Tuesday, July 27, 2010

Frozen Yogurt with Figs and Honey

I knew that this guy was going to be trouble. There was no way that I was going to make it out of the summer without a severe ice cream-making addiction, so I just embraced it - there's been mint, coffee, peanut butter ice cream (that one's coming soon - stay tuned!), the list goes on. And I haven't really looked back.

OK - I looked back just a little bit, deciding that not everything that The Churnster (as I've affectionately dubbed him) produces has to be the richest thing ever (or at least the richest thing since the last thing that we made together). I made frozen yogurt. And you know what? It was awesome. It was made with greek yogurt, so it had that thick, assertive tang that I love so much about the stuff. I cut back on the amount of sugar in the recipe, since I really wanted that tang to be at the forefront of the finished product.

When I was in Greece, I ate yogurt with walnuts and honey with reckless abandon. The simplicity of it all just made me sit back and appreciate the various ingredients, which came together to form one of my favorite combinations of all time. And because that shit is awesome. Seriously - smooth, thick, tangy yogurt, tempered by the muted sweetness of thinly drizzled Greek honey, saccharine, yes, but not cloyingly so, and dotted with the crunch of bitter walnuts. I can think of almost no better dessert. Except ice cream, of course. So obviously the next logical step was to make this into a frozen dessert.

Greek yogurt is pretty much just your plain-old typical yogurt from which the whey has been strained. Since the liquid's been removed from the equation, you're left with unadulterated yogurt; in-your-face, tangy, thick-enough-to-stand-a-spoon-in yogurt. I know that a lot of people can't get into it for those exact reasons. But those very reasons are why it makes such a great base for frozen yogurt. While a far cry from the richness of an egg yolk-laden custard base, it's at once rich and delicate, with a tangy heft that makes you sit up and take notice. So even if you're loathe to eat greek yogurt on its own, give this a go; you won't be sorry.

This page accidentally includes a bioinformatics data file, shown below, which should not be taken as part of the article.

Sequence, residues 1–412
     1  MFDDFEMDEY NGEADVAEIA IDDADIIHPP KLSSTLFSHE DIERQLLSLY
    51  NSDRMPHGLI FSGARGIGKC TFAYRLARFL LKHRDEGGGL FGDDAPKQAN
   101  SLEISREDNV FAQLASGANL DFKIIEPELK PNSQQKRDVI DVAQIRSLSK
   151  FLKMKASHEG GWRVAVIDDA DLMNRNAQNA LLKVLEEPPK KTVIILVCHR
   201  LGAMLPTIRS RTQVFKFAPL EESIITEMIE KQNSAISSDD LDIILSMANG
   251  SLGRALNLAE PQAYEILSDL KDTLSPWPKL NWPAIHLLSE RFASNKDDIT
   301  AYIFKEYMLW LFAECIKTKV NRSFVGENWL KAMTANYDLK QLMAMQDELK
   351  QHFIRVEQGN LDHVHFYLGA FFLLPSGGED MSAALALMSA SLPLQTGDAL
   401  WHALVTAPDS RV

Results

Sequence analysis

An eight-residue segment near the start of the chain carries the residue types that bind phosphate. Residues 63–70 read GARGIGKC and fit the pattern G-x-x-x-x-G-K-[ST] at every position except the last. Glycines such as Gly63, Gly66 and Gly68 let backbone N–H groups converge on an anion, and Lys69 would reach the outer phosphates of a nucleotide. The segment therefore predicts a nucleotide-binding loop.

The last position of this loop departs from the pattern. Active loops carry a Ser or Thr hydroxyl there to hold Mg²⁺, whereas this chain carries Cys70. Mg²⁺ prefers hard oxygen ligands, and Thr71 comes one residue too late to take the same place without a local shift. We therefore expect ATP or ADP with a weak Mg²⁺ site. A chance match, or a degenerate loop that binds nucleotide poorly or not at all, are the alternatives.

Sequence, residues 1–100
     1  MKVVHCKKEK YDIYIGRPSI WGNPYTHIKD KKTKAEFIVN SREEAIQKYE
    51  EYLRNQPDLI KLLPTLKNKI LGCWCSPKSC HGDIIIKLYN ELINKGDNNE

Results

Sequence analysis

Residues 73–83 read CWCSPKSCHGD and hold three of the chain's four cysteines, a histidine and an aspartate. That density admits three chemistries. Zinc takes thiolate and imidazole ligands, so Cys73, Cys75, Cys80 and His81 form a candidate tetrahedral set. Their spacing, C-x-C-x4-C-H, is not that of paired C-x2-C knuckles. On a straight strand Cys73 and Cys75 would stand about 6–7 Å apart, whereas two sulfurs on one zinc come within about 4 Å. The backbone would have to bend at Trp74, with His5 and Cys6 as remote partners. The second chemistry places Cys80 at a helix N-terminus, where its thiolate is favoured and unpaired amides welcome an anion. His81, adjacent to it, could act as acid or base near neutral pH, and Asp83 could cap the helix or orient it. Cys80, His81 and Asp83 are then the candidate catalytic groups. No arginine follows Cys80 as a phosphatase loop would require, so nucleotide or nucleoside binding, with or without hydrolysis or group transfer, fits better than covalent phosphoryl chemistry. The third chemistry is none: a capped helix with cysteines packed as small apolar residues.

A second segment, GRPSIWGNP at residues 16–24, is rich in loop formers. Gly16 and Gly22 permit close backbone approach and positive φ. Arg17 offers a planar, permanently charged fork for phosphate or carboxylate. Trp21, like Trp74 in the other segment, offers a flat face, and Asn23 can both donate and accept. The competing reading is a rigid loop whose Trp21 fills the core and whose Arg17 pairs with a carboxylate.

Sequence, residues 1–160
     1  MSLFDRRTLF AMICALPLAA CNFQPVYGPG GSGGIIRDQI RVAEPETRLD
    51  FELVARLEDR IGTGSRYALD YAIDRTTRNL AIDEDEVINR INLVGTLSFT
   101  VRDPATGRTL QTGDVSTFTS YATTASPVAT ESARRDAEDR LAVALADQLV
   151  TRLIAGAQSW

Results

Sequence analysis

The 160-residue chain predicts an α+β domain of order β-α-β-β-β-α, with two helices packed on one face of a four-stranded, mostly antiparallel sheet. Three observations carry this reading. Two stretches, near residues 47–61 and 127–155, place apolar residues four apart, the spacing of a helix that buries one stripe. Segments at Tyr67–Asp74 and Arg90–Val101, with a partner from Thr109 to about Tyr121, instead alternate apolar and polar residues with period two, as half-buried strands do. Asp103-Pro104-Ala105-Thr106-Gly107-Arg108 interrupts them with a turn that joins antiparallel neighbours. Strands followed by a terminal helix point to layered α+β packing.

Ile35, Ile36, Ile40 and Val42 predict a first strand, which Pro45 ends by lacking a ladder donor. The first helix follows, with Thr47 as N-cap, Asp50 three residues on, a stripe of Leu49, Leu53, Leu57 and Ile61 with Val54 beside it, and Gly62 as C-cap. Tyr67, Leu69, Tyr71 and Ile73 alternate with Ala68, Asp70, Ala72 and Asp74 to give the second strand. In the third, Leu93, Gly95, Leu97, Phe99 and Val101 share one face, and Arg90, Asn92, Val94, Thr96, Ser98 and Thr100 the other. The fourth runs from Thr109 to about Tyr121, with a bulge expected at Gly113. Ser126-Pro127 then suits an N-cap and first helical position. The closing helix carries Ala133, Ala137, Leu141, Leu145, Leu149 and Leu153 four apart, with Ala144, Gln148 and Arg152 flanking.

I swapped out the walnuts for figs, for no real reason other than I had a pint of them and they don't have a particularly long shelf-life. And they pair awesomely with honey and yogurt. It also seemed a "Greek" enough substitution so as not to stray too far from the nostalgic roots of the yogurt.

I can absolutely not stress enough how easy this recipe is. There's close to nothing to be done - seriously. Take some greek yogurt, mix in some sugar until it dissolves - the stand mixer made incredibly easy work of this, but it is not much more laborious to do it by hand, add in some vanilla if you're so inclined. Then let it chill in the fridge for a little bit - both figuratively and literally, of course, until you're left with a cool and laid-back yogurt base. Throw that awesomeness into your ice cream maker and you're there. That's. It. Awesome frozen yogurt at your disposal.

Greek Yogurt with Figs and Honey
Adapted loosely from 101 Cookbooks
Makes approximately one quart of frozen yogurt

This recipe is really the easiest thing ever. It's tanginess is reminiscent of the frozen yogurts on offer at Pinkberry, Red Mango and those guys. But it's wholly unlike those, if for no other reason than that you know there's absolutely nothing in there but the good stuff. No chemicals, no stabilizers, just pure yogurt. And anything else you want to throw in. I went with figs, which I cut and allowed to freeze a bit on a sheet tray before throwing them into the mix so that they wouldn't be completely dessicated by the Churnster. The only downside with this frozen yogurt is that it's best almost immediately after it's been made, and tends to harden a bit more than is desirable in the freezer. Just take it out a few minutes before you're ready to eat it, though, and you should be good to go.

If you're turned off by the sourness of plain yogurt, feel free to add a teaspoon of vanilla, which will temper the tang and round out the flavor a little bit. Next time I make this, I'm throwing some fresh ground black pepper in the mix. I ground some over a couple of servings after drizzling some honey on top and it was a great move, so I think it deserves a place within the yogurt as well.

3 cups Greek yogurt (the original recipe calls for full-far yogurt, but given that I was trying to make this a lighter production, I went for 1 1/2 cups full-fat yogurt, 1 1/ cups 2%)*
1/2 cup plus 2 tablespoons sugar
1 teaspoon vanilla (optional)
1 1/2 cups fresh figs, cut into small pieces and semi-frozen
1/2 cup honey

Mix the sugar (and vanilla, if using) into the yogurt and stir until the sugar is completely dissolved into the yogurt. Refrigerate until the mixture is cold. Freeze in your ice cream maker according to the manufacturer's instructions. About two to three minutes before the churning process is finished, gently add the figs to the ice cream maker. Spread about a third of the honey on the bottom of the container in which you plan to store the frozen yogurt. Working quickly, add about a third of the frozen yogurt to the container, then another layer of honey, then another third of the frozen yogurt, then honey, then yogurt, until it's all been used. Freeze until ready to eat, or dig in immediately. Either way, drizzle some extra honey on top, and if you're up for it, a couple of twists of the pepper mill.

*Greek yogurt can be a bit expensive, so if you want to make your own, just take a container of plain yogurt and empty it into a colander that you've lined with cheesecloth or paper towels and that you've placed over a bowl (to catch the whey, since it will make a mess otherwise). Place it in the fridge and let it strain overnight. Do note, however, that the volume of the yogurt will be cut in half, so a cup of plain yogurt will produce 1/2 cup of greek-style yogurt.